A Lot or a Little?
What you will—and won't—find in this TV show.
Messages vary with episodes, but some in particular carry themes of communication and courage, with the series' sympathies clearly with those who are bold yet caring.
Positive Role Models
As episodes are brief and new characters are introduced on each, it can be tough to get to know characters. Some in particular, though, are admirable, such as Lexi, a young woman struggling with a mental illness who is able to find the help and support she needs to live a happier life.
Sex, Romance & Nudity
This show is based on romance and every episode contains romantic elements and complications. That said, sexual content is restrained: though characters talk about having sex, we generally see kissing (same and opposite sex), then the camera cuts away, and we may see characters briefly in bed together, implying sex has taken place. Dialogue can be mature: characters refer to feeling "horny," a man asks if the end of a date is a "Your place or mine moment."
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Language varies with each episode but is generally infrequent. You'll hear occasional words like "f--k," "s--t," "hell," "ass," "bastard."
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Drinking, Drugs & Smoking
Scenes take place in bars, and characters occasionally overindulge and then act sloppy or have the courage to make bold romantic moves.
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Parents Need to Know
Parents need to know that Modern Love is a series based on the New York Times column of the same name -- it's an anthology series that tells a different story about love with different characters on each episode. Messages and the amount of mature content varies with each episode, but since the series is about romance, expect lots of talk about love, dating, and marriage, including same- and opposite-sex kissing and implied sex (though the camera cuts away just after the kissing). Characters refer to being horny, and some are interested in casual sex. In one vignette, a women gets pregnant and considers an abortion (but winds up raising the baby). Language tends to be infrequent, but various episodes have words like "f--k," "s--t," "hell," "ass," "bastard," and "bitch." Many scenes take place at bars, with characters drinking; sometimes the alcohol appears to have little effect, at other times, characters seem to use the alcohol to bolster their courage to make romantic moves, and appear out of it and sloppy. Themes of courage and communication show through as characters learn to better understand each other and improve their relationships.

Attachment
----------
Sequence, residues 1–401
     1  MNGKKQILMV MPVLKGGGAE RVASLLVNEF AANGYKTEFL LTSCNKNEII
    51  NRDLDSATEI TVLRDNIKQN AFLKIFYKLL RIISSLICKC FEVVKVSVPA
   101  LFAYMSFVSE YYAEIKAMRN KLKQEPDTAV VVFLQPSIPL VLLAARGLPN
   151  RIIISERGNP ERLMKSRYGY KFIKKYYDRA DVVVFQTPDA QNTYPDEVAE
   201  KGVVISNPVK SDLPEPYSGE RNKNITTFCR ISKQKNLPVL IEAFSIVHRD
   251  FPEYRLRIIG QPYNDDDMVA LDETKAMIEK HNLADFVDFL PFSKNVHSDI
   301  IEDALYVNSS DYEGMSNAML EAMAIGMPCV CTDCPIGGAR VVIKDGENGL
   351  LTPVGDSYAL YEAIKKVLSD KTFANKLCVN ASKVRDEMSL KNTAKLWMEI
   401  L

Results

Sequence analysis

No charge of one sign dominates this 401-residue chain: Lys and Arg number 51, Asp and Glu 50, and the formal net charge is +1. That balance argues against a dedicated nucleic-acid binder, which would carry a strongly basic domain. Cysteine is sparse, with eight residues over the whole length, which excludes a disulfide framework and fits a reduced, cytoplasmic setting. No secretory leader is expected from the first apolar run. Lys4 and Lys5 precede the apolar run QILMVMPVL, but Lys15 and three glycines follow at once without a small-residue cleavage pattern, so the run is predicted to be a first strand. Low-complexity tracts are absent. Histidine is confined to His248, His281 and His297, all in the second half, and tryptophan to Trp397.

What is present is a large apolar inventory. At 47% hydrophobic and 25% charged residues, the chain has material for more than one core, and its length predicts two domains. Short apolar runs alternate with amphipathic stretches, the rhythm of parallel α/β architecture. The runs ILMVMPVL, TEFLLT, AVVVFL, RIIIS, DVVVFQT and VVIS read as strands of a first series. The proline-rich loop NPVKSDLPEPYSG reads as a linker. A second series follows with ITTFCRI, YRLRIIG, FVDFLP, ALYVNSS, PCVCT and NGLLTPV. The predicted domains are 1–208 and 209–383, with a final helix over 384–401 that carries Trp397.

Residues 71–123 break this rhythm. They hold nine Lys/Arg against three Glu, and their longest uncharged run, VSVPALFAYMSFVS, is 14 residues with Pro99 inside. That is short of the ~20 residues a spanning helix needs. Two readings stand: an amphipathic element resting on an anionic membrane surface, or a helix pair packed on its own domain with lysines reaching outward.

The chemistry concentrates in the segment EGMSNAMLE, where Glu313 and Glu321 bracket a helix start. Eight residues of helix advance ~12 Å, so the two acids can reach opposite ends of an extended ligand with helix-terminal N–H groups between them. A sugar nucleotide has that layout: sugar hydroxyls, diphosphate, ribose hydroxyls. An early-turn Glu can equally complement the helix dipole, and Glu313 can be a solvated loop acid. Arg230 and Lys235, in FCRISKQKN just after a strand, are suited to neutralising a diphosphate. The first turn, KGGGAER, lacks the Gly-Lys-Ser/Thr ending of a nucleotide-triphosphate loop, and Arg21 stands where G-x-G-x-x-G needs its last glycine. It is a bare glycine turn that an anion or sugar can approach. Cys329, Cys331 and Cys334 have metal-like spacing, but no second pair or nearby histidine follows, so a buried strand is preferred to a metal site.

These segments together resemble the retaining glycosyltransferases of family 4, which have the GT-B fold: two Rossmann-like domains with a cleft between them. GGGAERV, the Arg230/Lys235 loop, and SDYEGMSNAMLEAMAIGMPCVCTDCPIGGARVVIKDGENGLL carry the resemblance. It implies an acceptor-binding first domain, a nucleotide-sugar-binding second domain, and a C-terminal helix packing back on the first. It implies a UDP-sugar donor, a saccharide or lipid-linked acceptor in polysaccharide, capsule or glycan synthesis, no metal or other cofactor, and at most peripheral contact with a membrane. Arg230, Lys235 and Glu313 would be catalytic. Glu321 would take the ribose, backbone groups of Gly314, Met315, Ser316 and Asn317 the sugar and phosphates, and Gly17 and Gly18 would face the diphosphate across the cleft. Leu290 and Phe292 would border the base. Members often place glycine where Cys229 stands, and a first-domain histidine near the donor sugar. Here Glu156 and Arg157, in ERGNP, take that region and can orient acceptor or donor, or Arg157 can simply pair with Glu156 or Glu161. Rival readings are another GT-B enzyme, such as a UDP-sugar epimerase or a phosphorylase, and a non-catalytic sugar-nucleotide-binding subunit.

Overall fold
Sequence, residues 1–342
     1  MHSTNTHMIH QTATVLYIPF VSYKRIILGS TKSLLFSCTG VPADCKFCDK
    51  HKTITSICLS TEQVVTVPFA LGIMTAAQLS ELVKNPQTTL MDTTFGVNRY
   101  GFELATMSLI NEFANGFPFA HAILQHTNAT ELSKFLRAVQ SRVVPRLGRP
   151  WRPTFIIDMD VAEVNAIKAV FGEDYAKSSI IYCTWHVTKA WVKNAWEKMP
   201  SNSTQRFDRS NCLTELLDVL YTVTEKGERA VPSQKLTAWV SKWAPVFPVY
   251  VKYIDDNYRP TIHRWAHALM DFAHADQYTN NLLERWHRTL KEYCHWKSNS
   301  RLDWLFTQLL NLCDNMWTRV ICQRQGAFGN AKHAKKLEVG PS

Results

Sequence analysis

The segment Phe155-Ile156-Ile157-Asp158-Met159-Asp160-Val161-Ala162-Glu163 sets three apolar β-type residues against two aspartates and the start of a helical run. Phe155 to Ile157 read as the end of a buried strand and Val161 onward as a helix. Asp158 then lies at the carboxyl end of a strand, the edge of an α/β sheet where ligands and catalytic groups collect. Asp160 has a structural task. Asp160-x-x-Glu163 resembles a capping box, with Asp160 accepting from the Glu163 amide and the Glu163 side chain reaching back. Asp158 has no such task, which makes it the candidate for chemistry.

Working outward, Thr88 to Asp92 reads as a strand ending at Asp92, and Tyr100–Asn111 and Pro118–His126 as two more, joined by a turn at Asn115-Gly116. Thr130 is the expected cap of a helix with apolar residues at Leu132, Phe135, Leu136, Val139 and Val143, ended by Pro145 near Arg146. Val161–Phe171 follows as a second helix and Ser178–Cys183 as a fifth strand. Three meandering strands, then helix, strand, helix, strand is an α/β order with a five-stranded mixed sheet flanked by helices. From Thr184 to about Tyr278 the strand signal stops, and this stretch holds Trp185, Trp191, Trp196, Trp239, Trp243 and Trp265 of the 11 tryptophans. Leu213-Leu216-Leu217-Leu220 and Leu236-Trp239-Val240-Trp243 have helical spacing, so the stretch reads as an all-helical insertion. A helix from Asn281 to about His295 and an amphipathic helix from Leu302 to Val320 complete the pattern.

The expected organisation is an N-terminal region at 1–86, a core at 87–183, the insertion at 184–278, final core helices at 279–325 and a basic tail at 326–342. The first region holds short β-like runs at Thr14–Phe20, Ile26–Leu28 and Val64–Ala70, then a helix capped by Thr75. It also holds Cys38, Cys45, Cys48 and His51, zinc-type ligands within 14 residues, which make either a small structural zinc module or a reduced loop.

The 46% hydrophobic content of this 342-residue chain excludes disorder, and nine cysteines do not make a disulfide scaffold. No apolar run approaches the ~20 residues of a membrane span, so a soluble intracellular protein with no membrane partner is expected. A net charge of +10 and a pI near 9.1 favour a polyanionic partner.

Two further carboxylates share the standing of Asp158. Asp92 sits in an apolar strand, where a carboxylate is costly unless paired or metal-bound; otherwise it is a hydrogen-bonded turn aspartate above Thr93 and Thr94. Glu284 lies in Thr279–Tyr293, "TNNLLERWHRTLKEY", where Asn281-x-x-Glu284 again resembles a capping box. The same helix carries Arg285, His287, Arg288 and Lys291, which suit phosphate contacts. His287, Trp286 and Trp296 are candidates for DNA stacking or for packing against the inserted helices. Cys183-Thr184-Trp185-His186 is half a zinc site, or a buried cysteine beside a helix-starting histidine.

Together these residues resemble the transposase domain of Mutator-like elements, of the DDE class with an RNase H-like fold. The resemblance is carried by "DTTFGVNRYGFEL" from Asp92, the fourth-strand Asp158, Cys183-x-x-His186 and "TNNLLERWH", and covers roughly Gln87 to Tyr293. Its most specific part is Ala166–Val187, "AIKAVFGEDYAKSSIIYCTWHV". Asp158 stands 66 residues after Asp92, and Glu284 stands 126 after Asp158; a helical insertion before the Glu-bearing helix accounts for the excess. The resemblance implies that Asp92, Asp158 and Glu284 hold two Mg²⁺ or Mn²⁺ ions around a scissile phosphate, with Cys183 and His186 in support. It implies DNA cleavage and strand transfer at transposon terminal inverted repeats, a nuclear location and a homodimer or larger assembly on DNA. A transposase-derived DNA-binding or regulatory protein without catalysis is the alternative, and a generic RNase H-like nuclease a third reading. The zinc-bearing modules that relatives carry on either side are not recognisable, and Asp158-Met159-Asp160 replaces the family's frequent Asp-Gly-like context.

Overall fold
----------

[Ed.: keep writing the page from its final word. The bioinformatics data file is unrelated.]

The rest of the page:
Is It Any Good?
It's really hard to pull off a believable half-hour love story, so perhaps this anthology series can't be blamed for being uneven. Think about it: You have to build a world, introduce two characters, and make a story arc out of the connection between them, all moves that eat time. So it shouldn't surprising that Modern Love has its ups and downs, just like the column that spawned it (that's kinda hated even by those who read it regularly). At its best, this show is radiant and painfully romantic: Hathaway's turn as a charming young attorney who's been hiding her mental health diagnosis from her friends and family in "Take Me As I Am, Whoever I Am," is perhaps the season's high point. As we meet Lexi, she's riding a manic wave, wearing sequins at the grocery store, picking up a handsome man at the fruit counter, running on all pistons at work; she's so exuberant that the camera pulls away for a Broadway-style number and a Mary Tyler Moore-style hat-throwing moment.
But moments later, she's fallen into the trench, showing up for work and for dates with messy hair and a monosyllabic mumble. No one knows quite what to make of her -- until an honest admission of her struggles sets her back on the path to both a happy life and steady love. It's a simple, quite satisfying story about a woman who finds herself and is then able to seek love, instead of a woman whose redemption is found in the arms of a man. It's true, not all of Modern Love's episodes are as fulfilling, with their whiny (mostly) rich and white people, and gratuitous "THIS IS FILMED IN NEW YORK" shots of yellow taxis and subway stops and the Central Park Zoo. But when this show hits the target, you'll feel the love.
Did we miss something on diversity?
Research shows a connection between kids' healthy self-esteem and positive portrayals in media. That's why we've added a new "Diverse Representations" section to our reviews that will be rolling out on an ongoing basis. You can help us help kids by suggesting a diversity update.